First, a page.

A Classic affair

June 18, 2005

Horses jumped gracefully—their riders refined— under the backdrop of a bright Mount Hood and wispy white cirrus skies. The first day of the 14th annual Hood River Classic Hunter/Jumper horse show was as beautiful as the most adorned equines in attendance.

The translation for the Latin root cirrus means "curl of hair." Hunter category participants braided the manes and tails of their horses, for judging, under clouds named long ago after, perhaps, the manes and tales of horses.

This year's Hood River Classic is the largest to date, with more than 400 hunter and jumper competitors from the city of Portland to the mountains of Alberta, and a handful from right here in paradise. Five days of continuous competition in five show rings will climax Saturday afternoon with the $10,000 Hood River Inn Grand Prix.

In between, 50 divisions and 200 classes of competition will fill the fields starting at 8 a.m. each morning until Sunday afternoon.

Perhaps the best part: The Hood River Classic is a benefit for the Providence Hood River Memorial Hospital Foundation.

HR Classic weekend highlights:

(All events at Jensen Mills Meadows off Hwy. 35)

Friday evening:

Grand Prix Ring, Jumper 2, and Hunter 1,2,and 3 rings all featuring hunter/jumper action until around dusk.


Hunter/jumper competition in all five rings throughout the day. Event highlight: $10,000 Grand Prix at 5 p.m. in the main Grand Prix Ring.


Fun activities throughout the day. $1,000 Hood River Mini Prix at 2:30 p.m. in the Grand Prix Ring. Also, 141 Kerrits Hunter Derby in Hunter 1 Ring.

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Parkdale third graders sing "12 Disaster Days of Christmas"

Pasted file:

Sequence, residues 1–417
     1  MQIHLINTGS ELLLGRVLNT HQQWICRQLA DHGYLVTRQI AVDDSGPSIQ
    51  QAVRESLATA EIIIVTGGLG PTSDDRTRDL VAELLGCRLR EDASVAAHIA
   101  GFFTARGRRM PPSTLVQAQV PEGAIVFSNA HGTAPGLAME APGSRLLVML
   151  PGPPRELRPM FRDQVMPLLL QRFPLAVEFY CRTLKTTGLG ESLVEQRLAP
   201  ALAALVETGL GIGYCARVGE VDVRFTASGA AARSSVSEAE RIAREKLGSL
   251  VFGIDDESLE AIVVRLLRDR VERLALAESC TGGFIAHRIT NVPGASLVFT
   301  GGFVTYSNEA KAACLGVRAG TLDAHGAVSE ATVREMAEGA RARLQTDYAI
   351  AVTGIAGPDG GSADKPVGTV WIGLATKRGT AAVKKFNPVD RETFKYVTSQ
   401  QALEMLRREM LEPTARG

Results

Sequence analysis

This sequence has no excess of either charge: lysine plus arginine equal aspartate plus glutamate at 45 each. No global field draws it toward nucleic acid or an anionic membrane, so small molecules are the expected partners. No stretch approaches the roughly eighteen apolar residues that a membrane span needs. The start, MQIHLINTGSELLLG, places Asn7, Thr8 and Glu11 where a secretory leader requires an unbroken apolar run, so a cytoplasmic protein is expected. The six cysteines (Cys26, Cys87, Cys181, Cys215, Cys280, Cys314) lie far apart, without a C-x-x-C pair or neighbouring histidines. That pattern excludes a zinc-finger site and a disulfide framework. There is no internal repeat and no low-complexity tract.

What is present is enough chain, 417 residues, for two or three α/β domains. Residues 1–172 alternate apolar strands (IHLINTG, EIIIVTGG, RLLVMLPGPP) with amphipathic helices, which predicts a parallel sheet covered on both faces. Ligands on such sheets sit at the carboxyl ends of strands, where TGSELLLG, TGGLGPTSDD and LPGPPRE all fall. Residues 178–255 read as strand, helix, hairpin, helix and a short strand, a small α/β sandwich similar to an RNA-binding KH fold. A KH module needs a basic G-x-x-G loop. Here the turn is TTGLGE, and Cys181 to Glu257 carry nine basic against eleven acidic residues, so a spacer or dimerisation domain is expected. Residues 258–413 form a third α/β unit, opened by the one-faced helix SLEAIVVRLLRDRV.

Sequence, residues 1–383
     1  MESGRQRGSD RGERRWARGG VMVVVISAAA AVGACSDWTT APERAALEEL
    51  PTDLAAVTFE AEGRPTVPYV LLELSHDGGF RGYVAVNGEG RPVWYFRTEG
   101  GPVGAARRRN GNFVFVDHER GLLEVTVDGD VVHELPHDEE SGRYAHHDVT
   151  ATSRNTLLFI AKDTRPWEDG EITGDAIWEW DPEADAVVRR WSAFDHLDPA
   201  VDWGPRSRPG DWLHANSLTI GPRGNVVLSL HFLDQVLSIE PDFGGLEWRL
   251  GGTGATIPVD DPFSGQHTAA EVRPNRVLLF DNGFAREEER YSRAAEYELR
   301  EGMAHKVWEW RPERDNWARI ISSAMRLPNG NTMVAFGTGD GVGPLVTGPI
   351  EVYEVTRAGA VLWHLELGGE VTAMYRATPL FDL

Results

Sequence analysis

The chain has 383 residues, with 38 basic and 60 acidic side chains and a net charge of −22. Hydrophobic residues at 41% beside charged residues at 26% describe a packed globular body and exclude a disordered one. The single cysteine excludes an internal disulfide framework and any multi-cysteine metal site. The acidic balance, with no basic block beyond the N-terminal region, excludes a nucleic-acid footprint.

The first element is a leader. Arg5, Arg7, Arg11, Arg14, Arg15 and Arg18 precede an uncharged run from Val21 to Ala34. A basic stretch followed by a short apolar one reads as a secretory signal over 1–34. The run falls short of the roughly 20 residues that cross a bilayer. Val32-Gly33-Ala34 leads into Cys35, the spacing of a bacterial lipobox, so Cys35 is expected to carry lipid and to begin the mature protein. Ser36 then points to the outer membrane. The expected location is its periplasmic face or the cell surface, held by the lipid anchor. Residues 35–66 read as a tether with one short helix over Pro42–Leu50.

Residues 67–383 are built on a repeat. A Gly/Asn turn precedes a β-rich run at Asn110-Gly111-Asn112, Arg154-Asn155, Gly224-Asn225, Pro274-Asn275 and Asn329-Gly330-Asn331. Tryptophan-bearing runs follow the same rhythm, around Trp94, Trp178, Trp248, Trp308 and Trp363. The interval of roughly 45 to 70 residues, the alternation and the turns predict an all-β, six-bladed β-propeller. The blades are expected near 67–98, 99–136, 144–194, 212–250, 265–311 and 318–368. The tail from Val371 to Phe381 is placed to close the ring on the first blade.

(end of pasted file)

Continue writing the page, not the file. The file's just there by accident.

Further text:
Welcome to your sing-able Christmas gift list. What follows is an emergency rendition of “12 Days of Christmas” – for outfitting your home or car in case of snow storm, earthquake, flood or other emergency. Read it as a simple list, or sing it to the tune of “12 Days” – you know, as in “ … and a partridge in a pear tree…” Not to make light of it, but the song is a familiar framework for a set of gift ideas that you could consider gathering together, even if the recipient already owns items such as a bunch of coats, tire chains and flashlights. Stores throughout the Gorge are stocked up on all these items. Buying all 12 days might be prohibitive, but here are three ideas for checking any of the dozen off your list (notations follow, 1-12.) The gift items needed to stay warm, dry and safe are also coded to suggest items in your abode (A) in your car (C) or both (B). 12 Gallons of Water (A) 11 Family meals (B) 10 Cans of propane (A) 9 Hygiene bags (B) 8 Packs of batteries (A) 7 Spare coats (B) 6 Bright red flares (C) 5 Cozy blankets (B) 4 Tire chains (C) 3 Flashlights (B) 2 cell phone chargers (B) 1 And a crush-proof first aid kit (B) Price ranges? Here’s a few quotes for days Three, Two, Four and Nine: n A family gift of flashlights (three will run $15-30, Hood River Supply, Tum-A-Lum) n Cell phone chargers (two will run $30-60) n Tire chains (basic set, $30, Les Schwab, returnable if unused for the winter) n Family meals ($100 or so should cover the basics for three or four reasonably well-fed days) n The home kit should be kept in a handy place near an exit, and remember that water needs to be replenished every few months. If you have a solid first aid kit already, switch out the gift idea with “and-a-sto-o-u-t- tub-for it-all …” Otherwise, it’s a case of assembling your home or car kits and making sure all members of the family know what the resources are and how to use them (ie flares and propane). Emergency situations are at worst life-threatening, at best deeply uncomfortable if you and your family are left without power for an extended period, or traveling and find yourself in a situation where you need to wait out a storm, lengthy traffic delay, or other crisis. Notes on the 12 gift ideas: 12 – Gallons of water: that’s one per person in a four-member family to last for three days, the recommended minimum to be prepared for utility outages. 11 – Easy-open packaged goods, energy bars, dried food and nuts are good things to include for nutrition. Think of what your family of four needs for three days to stay fortified and hydrated (see number 12). Can-opener also recommended 10 – If you have a propane camping stove, keep extra fuel handy. 9 – Hygiene bags: put packaged moistened towelettes, toilet paper, and plastic ties in large garbage bags (for personal sanitation) Resource list courtesy of Hood River County Emergency Management, Barbara Ayers, manager/ 541-386-1213. The county also reminds residents to Get a Kit, Make A Plan to connect your family if separated, and Stay Informed. See www.co.hood-river.or.us to opt-in for citizen alerts. Enlarge

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